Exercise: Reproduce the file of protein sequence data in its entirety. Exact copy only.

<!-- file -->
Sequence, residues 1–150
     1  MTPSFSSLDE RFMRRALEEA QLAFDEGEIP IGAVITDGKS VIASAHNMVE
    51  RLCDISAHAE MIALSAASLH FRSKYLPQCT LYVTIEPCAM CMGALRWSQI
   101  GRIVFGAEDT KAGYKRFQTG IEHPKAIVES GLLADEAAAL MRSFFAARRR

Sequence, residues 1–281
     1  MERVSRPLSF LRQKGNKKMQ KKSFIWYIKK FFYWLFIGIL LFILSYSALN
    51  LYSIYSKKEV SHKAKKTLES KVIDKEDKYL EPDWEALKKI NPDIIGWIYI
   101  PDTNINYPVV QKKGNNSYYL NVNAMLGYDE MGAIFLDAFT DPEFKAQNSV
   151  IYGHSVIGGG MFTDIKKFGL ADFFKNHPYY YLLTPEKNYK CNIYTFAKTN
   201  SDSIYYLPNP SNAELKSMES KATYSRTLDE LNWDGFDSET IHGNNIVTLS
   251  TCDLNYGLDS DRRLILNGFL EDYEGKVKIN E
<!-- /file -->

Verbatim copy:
Sequence, residues 1–150
     1  MTPSFSSLDE RFMRRALEEA QLAFDEGEIP IGAVITDGKS VIASAHNMVE
    51  RLCDISAHAE MIALSAASLH FRSKYLPQCT LYVTIEPCAM CMGALRWSQI
   101  GRIVFGAEDT KAGYKRFQTG IEHPKAIVES GLLADEAAAL MRSFFAARRR

Sequence, residues 1–281
     1  MERVSRPLSF LRQKGNKKMQ KKSFIWYIKK FFYWLFIGIL LFILSYSALN
    51  LYSIYSKKEV SHKAKKTLES KVIDKEDKYL EPDWEALKKI NPDIIGWIYI
   101  PDTNINYPVV QKKGNNSYYL NVNAMLGYDE MGAIFLDAFT DPEFKAQNSV
   151  IYGHSVIGGG MFTDIKKFGL ADFFKNHPYY YLLTPEKNYK CNIYTFAKTN
   201  SDSIYYLPNP SNAELKSMES KATYSRTLDE LNWDGFDSET IHGNNIVTLS
   251  TCDLNYGLDS DRRLILNGFL EDYEGKVKIN E